For sleep, I have my “bedtime alarm” as a nightly reminder Sun-Thu nights before when I have to get up earlier than I would like for work. The other two days, I make sure I am in bed more than 7.5 hours, and sleeping where I can. That’s up from 7 hours or less per night before this course. I don’t follow it super strictly every night when it goes off at 11:15, but I’m in bed by midnight, which is a lot more than I could say before I put it into use!

With regards to talking to strangers, I do it maybe once a day, but on average. Maybe two one day, and none the next, pending circumstance. I’m a reluctant extrovert who generally only becomes one when needed, rather than just being one all or most of the time.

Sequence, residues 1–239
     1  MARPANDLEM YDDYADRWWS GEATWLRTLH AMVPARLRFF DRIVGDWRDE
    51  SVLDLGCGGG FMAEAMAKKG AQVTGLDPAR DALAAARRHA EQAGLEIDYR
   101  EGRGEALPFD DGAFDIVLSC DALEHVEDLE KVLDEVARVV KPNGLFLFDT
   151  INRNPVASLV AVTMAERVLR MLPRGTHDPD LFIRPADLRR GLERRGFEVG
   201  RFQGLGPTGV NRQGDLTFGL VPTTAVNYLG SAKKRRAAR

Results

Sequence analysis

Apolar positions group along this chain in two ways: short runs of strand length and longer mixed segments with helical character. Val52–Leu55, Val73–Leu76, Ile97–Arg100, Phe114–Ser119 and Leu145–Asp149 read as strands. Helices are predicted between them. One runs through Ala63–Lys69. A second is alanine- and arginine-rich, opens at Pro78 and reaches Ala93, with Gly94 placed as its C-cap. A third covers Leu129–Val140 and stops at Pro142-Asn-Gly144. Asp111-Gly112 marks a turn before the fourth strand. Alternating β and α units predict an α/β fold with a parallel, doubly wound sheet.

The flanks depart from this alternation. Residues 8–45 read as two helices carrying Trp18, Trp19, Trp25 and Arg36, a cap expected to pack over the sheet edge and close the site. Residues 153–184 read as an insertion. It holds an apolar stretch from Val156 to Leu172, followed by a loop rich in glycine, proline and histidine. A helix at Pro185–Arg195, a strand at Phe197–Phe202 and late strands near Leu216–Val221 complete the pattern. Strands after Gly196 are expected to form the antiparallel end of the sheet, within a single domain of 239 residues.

The daily gratitude routine is pretty self-explanatory above and was a habit for me already.

The “re-experience” one was my idea, though not a new idea. Every now and then, I put myself through how life used to be in some aspect for a month, to make sure I appreciate it and what I have today more than just by “imagining” or “remembering” it. It’s not the same to roughly recall or imagine details as taking myself through it! I can’t replicate life at any point in the past entirely without a lot of work to mess up my current life, but some aspects I could, like penny-pinching on my food and drink budget to appreciate what it’s like for the less fortunate to live on less and not be able to afford to eat out, or join friends at such social events. I went through March on $84 for all food and drink, making practically all my meals and missing out on a big city social event called Burger Week. Such real life self-constraints brought home the point far better than just imagining what it might be like!